Remembering The Who

who

During my teens and young adult years, this statement would have been answered with the loud and flamboyant rock band from Britain.

However, I would like to pose this as a thought for leaders to always keep in mind.

Simon Sinek has generated a movement and many great talking points from his “Start With Why” philosophy, and this author has even written a post giving credence to it.

Yet I am left wondering to myself, for all the “Why” we justify and rationalize – have we, or do we, remember the Who that goes into it?

For instance, as an organization is our mission to build widgets or is it to enrich peoples lives through the widgets we make?

As a leader is our charge to make the bottom line or is it to develop your team’s skills whereby they become far more productive and engaged in their work which produces more solid and sustainable bottom line results? Or, perhaps to develop some rising stars in your division that can enable you to lead more teams and develop more people to allow the organization to reach wider goals that more positively impact others?

Are we left at the end of the day achieving our “Why” with no one in which to share it with?

Bring others along. “Who”? Everyone. Customers. Employees. Your team. Vendors and business partners. Colleagues. Cross-department counterparts. Even your boss. Place any name here – they are part of the equation. (Your family, your mentors, the community, the list goes on).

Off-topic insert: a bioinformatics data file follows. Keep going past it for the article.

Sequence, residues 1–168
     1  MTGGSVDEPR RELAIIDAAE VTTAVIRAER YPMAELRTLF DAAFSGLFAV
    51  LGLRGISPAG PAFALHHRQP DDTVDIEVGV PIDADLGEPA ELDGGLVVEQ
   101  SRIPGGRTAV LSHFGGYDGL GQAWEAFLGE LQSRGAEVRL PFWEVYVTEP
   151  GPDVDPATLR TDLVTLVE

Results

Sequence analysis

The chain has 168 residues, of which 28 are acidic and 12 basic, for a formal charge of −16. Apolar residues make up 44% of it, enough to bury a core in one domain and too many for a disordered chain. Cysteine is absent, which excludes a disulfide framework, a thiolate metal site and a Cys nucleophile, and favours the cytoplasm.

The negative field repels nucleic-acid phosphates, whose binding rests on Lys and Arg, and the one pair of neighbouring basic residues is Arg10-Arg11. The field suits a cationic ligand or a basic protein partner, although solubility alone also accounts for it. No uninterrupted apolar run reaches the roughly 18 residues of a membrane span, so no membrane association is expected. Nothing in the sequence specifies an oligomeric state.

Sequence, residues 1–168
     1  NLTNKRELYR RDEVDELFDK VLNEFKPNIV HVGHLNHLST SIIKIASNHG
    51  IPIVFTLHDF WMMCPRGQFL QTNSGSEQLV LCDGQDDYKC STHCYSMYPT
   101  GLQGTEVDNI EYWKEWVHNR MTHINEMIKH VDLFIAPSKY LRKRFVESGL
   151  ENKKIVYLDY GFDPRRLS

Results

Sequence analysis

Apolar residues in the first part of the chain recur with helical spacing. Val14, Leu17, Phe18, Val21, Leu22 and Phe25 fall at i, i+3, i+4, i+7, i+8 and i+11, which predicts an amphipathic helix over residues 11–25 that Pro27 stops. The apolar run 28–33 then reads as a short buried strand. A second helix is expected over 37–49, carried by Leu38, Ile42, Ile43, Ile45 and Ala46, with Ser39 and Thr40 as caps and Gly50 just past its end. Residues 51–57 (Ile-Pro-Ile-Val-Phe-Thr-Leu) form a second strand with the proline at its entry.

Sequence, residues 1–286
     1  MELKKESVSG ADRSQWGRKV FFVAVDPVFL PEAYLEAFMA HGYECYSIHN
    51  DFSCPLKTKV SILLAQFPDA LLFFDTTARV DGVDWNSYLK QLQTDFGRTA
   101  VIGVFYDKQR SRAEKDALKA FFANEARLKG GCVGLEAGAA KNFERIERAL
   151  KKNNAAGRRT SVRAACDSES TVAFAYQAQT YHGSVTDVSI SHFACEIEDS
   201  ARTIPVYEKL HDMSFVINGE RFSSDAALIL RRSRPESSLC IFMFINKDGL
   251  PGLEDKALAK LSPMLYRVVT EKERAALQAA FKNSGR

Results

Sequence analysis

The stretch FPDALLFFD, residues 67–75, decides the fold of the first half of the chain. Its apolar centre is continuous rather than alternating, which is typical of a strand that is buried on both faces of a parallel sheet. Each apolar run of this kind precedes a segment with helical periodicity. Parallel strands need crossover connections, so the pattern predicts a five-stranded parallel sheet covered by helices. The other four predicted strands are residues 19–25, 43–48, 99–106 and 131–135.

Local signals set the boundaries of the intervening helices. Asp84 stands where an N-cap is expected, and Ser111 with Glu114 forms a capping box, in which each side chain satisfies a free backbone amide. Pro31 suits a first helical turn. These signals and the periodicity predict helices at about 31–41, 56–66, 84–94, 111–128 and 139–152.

Keep people the central focus of your leadership and organizational goals. Franchises and network marketers have long known that the more people you make successful, the more the organization as a whole, and yourself, will be successful. They at least know that their “Why” to build their brand is linked into bringing many “Whos” along.

It is far better to have a team to share in a victory than to have all the glory given to oneself. Or to win a battle but have no survivors or benefactors for your sacrifices.

Dr. John Miller, my marketing professor from university, used to preach “Business Is People” to every student and would require that written atop every test and paper. He always remembered the “Who”.

“Why” is good. “Why” is necessary. “Who” is better. “Who” is essential.

“Remember the Who” – every day.

 

(image courtesy of pjmcclure.com)

 

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About Paul LaRue

My goal - To encourage you to lead & influence others with positive impact.

Posted on April.17.2014, in Character-based Leadership, Core Values, Culture, Leadership. Bookmark the permalink. Leave a comment.

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